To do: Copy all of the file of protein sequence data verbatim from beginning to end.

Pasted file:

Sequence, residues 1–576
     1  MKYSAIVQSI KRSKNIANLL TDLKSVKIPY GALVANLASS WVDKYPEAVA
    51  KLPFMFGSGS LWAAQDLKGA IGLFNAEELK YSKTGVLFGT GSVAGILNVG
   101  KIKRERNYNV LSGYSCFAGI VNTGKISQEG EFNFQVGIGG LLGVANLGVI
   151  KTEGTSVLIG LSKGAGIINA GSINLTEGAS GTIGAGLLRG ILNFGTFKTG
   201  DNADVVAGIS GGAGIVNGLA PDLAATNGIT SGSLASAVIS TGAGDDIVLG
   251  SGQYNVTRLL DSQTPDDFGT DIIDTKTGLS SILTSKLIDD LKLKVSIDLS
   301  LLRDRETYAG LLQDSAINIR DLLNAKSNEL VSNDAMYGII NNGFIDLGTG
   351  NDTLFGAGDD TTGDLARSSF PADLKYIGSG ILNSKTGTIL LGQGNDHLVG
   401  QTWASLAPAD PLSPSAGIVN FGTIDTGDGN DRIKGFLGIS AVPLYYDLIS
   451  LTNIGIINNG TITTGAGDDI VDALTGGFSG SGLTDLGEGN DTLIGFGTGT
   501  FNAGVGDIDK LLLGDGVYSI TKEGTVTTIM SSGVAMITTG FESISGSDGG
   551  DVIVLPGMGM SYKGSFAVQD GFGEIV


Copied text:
Sequence, residues 1–576
     1  MKYSAIVQSI KRSKNIANLL TDLKSVKIPY GALVANLASS WVDKYPEAVA
    51  KLPFMFGSGS LWAAQDLKGA IGLFNAEELK YSKTGVLFGT GSVAGILNVG
   101  KIKRERNYNV LSGYSCFAGI VNTGKISQEG EFNFQVGIGG LLGVANLGVI
   151  KTEGTSVLIG LSKGAGIINA GSINLTEGAS GTIGAGLLRG ILNFGTFKTG
   201  DNADVVAGIS GGAGIVNGLA PDLAATNGIT SGSLASAVIS TGAGDDIVLG
   251  SGQYNVTRLL DSQTPDDFGT DIIDTKTGLS SILTSKLIDD LKLKVSIDLS
   301  LLRDRETYAG LLQDSAINIR DLLNAKSNEL VSNDAMYGII NNGFIDLGTG
   351  NDTLFGAGDD TTGDLARSSF PADLKYIGSG ILNSKTGTIL LGQGNDHLVG
   401  QTWASLAPAD PLSPSAGIVN FGTIDTGDGN DRIKGFLGIS AVPLYYDLIS
   451  LTNIGIINNG TITTGAGDDI VDALTGGFSG SGLTDLGEGN DTLIGFGTGT
   501  FNAGVGDIDK LLLGDGVYSI TKEGTVTTIM SSGVAMITTG FESISGSDGG
   551  DVIVLPGMGM SYKGSFAVQD GFGEIV